Getting to know Beth Cole: ‘a downward dog every day’

Beth Cole recently returned to her hometown of Baltimore after living in Arizona near one of her children. She lives at Linden Park Apartments on McMechen Street. At 86, Beth maintains a dedicated yoga practice, even teaching classes online.

“I’ve taught a weekly class on Zoom since I moved to Baltimore from Tucson. Yoga and me, for 66 years! I’ve been doing a variety of positions –’asanas’ – since I had my first yoga practice in college (at what now is the University of Mary Washington in Virginia) in 1958, well before many people in the United States ever heard of yoga. I continued to practice what I often called ‘stretching,’ back then.”

A meeting in the 1970s (“I was a nimble 30-year-old”) with a Pakistani yogi at a Jewish Community Center deepened her understanding of the practice. This encounter introduced her to yoga’s philosophical and spiritual aspects, which have since guided her personal practice and teaching philosophy throughout her life, Beth has embraced the principles of “love your life” and “explore the possibilities.” She believes in the importance of daily yoga practice, stating, “not a day goes by without a downward dog.” Her efforts to share yoga with other seniors in her building highlight her commitment to spreading the benefits of the practice.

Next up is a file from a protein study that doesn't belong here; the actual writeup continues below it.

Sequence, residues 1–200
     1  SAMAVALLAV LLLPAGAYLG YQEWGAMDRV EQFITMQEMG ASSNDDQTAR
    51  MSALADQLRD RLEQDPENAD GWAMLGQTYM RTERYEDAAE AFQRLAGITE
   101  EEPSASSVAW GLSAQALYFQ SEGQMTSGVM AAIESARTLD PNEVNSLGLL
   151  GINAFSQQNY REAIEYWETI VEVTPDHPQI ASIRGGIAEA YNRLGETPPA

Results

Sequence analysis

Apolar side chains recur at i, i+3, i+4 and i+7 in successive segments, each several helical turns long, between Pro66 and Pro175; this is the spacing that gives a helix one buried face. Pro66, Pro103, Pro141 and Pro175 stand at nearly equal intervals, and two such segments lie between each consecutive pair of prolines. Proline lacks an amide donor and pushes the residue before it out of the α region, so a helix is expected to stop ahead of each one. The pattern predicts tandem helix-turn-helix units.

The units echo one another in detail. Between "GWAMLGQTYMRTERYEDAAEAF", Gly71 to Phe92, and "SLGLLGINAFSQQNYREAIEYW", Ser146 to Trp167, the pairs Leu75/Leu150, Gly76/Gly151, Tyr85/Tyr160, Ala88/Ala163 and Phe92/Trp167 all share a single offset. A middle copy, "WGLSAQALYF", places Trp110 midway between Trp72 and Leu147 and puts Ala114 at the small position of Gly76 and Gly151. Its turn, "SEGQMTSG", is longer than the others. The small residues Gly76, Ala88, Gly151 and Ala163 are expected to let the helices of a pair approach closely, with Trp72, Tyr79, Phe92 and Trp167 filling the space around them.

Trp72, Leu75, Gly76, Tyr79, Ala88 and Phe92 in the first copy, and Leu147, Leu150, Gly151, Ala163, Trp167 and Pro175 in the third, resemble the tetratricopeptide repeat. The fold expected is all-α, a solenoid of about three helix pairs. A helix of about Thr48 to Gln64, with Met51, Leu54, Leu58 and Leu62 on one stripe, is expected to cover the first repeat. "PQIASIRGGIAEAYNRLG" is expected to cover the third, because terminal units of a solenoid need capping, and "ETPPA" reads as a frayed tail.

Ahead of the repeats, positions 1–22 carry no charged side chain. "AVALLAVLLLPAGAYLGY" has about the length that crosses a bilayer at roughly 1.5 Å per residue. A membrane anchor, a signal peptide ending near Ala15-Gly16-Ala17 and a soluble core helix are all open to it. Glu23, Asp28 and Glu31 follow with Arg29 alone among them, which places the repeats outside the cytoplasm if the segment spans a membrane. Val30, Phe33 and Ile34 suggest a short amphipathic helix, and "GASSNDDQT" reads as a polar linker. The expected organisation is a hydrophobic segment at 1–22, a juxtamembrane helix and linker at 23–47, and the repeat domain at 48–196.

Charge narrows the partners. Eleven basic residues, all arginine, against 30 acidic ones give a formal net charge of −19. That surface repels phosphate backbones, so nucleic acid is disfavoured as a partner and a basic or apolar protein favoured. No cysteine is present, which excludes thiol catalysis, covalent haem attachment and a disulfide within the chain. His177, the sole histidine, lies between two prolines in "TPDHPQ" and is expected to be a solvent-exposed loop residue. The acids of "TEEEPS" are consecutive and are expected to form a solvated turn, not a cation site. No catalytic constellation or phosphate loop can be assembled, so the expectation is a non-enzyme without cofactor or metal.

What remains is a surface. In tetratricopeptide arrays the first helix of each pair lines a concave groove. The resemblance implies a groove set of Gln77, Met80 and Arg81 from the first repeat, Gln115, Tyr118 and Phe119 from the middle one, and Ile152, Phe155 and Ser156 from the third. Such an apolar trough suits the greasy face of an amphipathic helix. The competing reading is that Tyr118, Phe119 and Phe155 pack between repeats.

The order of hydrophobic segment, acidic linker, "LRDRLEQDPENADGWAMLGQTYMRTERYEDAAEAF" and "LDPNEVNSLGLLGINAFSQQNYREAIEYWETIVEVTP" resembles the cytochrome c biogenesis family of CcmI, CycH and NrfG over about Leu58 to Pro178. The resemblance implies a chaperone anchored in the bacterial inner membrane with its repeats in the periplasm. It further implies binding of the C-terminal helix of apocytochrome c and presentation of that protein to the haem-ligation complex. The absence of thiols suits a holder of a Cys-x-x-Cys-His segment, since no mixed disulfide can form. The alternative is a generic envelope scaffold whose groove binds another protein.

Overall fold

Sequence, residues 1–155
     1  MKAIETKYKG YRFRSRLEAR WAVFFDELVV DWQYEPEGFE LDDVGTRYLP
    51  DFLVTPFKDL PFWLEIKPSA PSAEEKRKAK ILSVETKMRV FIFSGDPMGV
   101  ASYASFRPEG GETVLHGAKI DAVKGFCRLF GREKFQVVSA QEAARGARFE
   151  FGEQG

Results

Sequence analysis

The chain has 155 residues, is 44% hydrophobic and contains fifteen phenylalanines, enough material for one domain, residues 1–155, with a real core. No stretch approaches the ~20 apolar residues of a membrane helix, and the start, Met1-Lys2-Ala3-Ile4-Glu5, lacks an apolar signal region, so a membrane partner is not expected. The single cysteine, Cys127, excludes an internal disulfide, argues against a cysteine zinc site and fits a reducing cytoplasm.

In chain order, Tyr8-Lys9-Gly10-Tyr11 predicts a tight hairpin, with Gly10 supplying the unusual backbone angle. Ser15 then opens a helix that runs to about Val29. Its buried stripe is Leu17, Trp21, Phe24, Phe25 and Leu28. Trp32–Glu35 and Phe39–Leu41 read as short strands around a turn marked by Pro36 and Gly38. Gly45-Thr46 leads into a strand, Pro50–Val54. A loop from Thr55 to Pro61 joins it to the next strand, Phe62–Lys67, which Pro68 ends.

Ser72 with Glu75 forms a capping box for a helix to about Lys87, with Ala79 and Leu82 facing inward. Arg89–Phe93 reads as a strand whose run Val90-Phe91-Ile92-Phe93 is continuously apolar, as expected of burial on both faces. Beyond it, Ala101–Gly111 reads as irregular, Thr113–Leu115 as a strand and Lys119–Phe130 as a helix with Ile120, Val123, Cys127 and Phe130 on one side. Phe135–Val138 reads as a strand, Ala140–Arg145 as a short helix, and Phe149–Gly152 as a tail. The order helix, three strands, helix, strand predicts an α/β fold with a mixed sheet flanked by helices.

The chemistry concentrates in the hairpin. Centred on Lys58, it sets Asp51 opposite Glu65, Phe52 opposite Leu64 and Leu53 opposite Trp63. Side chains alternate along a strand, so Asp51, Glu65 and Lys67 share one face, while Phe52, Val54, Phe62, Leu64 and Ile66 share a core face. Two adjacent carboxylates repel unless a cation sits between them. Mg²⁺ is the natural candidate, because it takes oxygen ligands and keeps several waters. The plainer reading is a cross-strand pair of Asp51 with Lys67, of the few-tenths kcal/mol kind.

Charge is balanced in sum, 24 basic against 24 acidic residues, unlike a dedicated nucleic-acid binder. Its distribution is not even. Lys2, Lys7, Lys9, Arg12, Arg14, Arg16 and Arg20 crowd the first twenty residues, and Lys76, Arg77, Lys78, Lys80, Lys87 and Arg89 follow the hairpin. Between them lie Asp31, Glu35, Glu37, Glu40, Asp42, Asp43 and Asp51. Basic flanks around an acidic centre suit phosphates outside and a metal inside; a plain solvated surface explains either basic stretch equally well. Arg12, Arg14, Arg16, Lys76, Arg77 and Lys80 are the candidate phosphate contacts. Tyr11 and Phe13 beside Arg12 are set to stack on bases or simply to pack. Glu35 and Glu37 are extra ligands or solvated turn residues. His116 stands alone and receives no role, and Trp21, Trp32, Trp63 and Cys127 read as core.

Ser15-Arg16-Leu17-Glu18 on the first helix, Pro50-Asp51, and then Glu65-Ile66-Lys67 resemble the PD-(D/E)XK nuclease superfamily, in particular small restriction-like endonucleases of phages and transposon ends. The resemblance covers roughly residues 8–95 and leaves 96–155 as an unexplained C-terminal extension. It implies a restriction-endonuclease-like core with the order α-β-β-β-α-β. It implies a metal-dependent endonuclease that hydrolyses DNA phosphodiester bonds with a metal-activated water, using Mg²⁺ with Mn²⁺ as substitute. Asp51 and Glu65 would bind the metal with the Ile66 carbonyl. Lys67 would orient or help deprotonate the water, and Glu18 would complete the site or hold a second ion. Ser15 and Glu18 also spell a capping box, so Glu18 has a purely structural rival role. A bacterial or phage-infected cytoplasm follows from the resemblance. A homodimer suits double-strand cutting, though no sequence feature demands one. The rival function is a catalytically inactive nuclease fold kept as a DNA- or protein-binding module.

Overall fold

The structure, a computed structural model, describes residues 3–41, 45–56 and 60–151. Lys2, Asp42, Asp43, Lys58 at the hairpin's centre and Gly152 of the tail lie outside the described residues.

“In the 80’s, I met an American doctor who was treating individuals with Ayurveda methods (a system of medicine native to India) and approaches including yoga. She became my physician, and with her I learned more about mindfulness, healthy eating practices, and distinct daily ayurvedic procedures, which extended to not only how I moved but how I took care of myself. This led to a more healthful lifestyle. As I aged, I saw a greater need for the extended yogic living approach, though I still focused on a full-blown, time-consuming career.

“Someone wrote that we understand life by looking backward, but life moves forward. What I learned about yoga in 1958 and over the next 50 years, I didn’t fully utilize until I retired in 2004. Then I began an earnest study. In 2015 I became certified as an instructor.”

Beth’s return to Baltimore brings her story together, connecting her family’s history. Her dad was a Baltimore doctor and her mom a Russian immigrant.

A lifetime of professional employment included roles as a special assistant to the president at National Public Radio headquarters in Washington, D.C. and later as president of the National Women’s Business Center, showcasing her leadership in marketing and business management. Beth is known for her strength and ability to tackle challenges head-on, evidenced by a solo move across the country, living for weeks without her furniture and other essentials. Her other passion is gardening. She has a daughter and grandchildren in Prince Georges County.

To learn more about yoga, contact her at

–Lisa Savage